U.S. Can't Fight Two Wars at the Same Time Anymore

This week, Defense Secretary Leon Panetta is poised to deliver a humbling assessment of America's military capabilities in a budget plan to the White House, reports The New York Times

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This week, Defense Secretary Leon Panetta is poised to deliver a humbling assessment of America's military capabilities in a budget plan to the White House, reports The New York Times. The gist: The U.S. military of the future will no longer be able to fight two sustained ground wars at the same time. The strategic review will outline how the military can cut $450 billion from its budget, amid speculation that Congress may cut an additional $500 billion in the near future. Acknowledging an incapacity to wage two wars is not ideal, notes Andrew Krepinevich, a military expert at the Center for Strategic and Budgetary Assessments, but it's better than the alternative. "You may risk losing the confidence of some allies, and you may risk emboldening your adversaries," he says. "But at the end of the day, a strategy of bluffing, or asserting that you have a capability that you don’t, is probably the worst posture of all.” So what spending priorities are dragging down the military budget? Here are some of the major ones, highlighted this week by the The Times, The Washington Post and Time.

Military personnel costs "As it stands now, the Pentagon spends $181 billion each year, nearly a third of its base budget, on military personnel costs: $107 billion for salaries and allowances, $50 billion for health care and $24 billion in retirement pay," report Elisabeth Bumiller and Thom Shanker in the Times. "One independent analyst ... has calculated that if military personnel costs continue rising at the rate they have over the past decade, and overall Pentagon spending does not increase, by 2039 the entire defense budget would be consumed by personnel costs."

Troops in Afghanistan and beyond "Sometime this year, there must be decisions on how to downsize in Afghanistan," write The Washington Post's Walter Pincus, "and what arrangements can be made to keep U.S. forces there after 2014, whether to send military trainers back to Iraq, and how to respond if Congress authorizes dispatching Special Forces to Nigeria to assist in fighting a terrorist group, as it did when U.S. troops were sent to help battle the Lord’s Resistance Army in central Africa."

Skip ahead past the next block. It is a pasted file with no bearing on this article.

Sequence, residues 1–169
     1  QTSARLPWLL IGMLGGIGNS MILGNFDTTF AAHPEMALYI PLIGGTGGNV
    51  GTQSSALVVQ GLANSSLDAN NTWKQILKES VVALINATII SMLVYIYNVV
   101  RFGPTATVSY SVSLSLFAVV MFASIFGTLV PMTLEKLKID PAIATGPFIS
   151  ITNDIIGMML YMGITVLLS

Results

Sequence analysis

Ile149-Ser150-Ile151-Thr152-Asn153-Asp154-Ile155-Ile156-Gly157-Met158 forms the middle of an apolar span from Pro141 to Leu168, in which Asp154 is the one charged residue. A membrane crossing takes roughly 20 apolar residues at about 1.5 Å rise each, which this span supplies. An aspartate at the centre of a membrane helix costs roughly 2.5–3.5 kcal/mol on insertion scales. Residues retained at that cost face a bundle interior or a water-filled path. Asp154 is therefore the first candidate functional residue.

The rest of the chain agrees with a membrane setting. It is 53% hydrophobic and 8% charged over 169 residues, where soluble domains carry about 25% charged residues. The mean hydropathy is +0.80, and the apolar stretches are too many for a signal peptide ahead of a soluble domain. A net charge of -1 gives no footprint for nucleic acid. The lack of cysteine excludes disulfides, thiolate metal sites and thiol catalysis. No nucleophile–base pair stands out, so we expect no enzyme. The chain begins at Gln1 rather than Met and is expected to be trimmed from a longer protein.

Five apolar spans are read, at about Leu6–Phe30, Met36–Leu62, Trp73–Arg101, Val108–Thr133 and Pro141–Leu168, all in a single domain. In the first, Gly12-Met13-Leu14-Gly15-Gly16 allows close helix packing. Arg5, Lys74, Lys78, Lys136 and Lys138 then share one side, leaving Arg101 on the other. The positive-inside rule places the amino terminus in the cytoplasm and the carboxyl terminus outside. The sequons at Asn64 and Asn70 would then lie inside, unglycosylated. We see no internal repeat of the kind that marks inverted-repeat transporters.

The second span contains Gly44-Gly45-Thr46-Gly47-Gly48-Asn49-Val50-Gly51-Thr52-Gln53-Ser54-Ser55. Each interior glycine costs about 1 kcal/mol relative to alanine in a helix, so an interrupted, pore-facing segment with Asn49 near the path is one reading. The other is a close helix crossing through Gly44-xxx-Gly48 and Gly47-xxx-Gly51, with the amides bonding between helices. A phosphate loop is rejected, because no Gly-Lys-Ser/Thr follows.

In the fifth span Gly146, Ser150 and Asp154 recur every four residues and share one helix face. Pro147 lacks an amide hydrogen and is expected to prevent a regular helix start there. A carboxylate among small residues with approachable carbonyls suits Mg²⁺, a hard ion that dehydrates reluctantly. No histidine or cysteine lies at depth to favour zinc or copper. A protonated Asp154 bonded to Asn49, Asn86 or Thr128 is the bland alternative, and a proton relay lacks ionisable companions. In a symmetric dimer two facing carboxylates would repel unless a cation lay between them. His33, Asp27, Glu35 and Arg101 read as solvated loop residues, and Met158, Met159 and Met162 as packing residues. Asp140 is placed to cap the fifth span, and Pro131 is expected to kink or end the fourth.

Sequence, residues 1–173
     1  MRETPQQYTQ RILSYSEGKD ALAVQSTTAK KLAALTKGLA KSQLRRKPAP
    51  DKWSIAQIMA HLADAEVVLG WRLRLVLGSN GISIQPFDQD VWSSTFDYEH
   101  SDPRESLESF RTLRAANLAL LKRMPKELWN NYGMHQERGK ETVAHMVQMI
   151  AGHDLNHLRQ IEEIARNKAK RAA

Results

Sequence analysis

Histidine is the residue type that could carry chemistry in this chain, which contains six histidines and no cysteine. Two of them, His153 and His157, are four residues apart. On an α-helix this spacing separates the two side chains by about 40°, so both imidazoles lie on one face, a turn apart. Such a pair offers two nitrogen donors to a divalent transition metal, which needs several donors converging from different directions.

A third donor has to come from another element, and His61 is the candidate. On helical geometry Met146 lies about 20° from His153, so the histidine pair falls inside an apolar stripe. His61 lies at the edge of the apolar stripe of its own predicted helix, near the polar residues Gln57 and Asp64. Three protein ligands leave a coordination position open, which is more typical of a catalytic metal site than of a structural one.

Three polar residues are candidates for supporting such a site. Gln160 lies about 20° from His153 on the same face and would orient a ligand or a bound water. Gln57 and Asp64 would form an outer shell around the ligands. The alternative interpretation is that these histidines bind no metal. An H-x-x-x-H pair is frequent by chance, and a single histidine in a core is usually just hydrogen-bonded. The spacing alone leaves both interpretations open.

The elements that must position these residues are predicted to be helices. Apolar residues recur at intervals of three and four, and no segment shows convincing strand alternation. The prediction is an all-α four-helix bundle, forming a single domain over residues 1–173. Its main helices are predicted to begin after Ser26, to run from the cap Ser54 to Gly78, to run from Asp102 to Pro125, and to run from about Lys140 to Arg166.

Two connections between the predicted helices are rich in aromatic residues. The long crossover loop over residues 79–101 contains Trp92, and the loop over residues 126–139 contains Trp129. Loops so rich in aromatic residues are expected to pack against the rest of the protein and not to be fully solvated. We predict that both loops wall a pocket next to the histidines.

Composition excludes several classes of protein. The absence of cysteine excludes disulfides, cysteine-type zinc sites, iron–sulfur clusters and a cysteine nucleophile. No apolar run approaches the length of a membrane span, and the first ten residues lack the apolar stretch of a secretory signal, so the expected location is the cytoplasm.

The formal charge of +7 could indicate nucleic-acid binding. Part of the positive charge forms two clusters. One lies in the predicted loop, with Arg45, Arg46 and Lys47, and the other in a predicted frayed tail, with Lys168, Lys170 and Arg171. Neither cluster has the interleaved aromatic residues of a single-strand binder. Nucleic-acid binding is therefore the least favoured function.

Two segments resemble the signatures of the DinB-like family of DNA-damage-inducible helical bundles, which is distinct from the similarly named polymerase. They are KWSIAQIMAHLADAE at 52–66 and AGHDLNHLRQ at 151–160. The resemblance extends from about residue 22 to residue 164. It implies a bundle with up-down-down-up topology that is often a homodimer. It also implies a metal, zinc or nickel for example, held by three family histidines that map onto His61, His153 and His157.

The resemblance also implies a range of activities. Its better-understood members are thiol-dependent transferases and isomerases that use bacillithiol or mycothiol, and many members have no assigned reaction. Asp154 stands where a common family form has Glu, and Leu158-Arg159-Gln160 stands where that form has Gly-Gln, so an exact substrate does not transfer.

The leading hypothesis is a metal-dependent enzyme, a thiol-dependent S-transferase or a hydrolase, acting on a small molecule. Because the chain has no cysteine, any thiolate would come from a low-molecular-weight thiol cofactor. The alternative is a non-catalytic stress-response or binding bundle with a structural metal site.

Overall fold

One-size fits all military vehicles Time's defense reporter Mark Thompson writes that building planes and tanks for a variety of different missions has cost the military dearly. One weapons program in particular is the F-35, one of the most expensive in history. "The military didn’t learn its lesson with the TFX ('Tactical Fighter Experimental,' which became the F-111) debacle 50 years ago, and it’s not learning it anew with the F-35. Building warplanes for three services through the Marine template – single engine (VSTOL requirement), compact design (Marine amphibs don’t have much room) – means the nation’s cutting-edge fighting fleet will be compromised in ways we only now are beginning to comprehend."

Research and development This is an area that Congress is looking to cut, notes The Post, but Panetta may try to maintain funding for it. "Do you modernize all three legs of the nuclear triad — strategic bombers, land-based intercontinental ballistic missiles and strategic submarines? While dealing with these questions, Panetta must also protect money for operations, maintenance, and research and development, the favorite areas for congressional budget cutters."

Standing army sizes "The Army is now set to drop to 520,000 soldiers, beginning in 2015, although few expect that to be the floor," reports The Times.  "The reality is that the United States may not be able to afford waging two wars at once ... The Army chief of staff, Gen. Ray Odierno, the former commander in Iraq, points out that the Army had 480,000 people in uniform before the Sept. 11 attacks, and at that number was supposed to be able to fight two wars at once. But the Army proved to be too small to sustain the wars in Afghanistan and Iraq and was increased to its current size of 570,000."

This article is from the archive of our partner The Wire.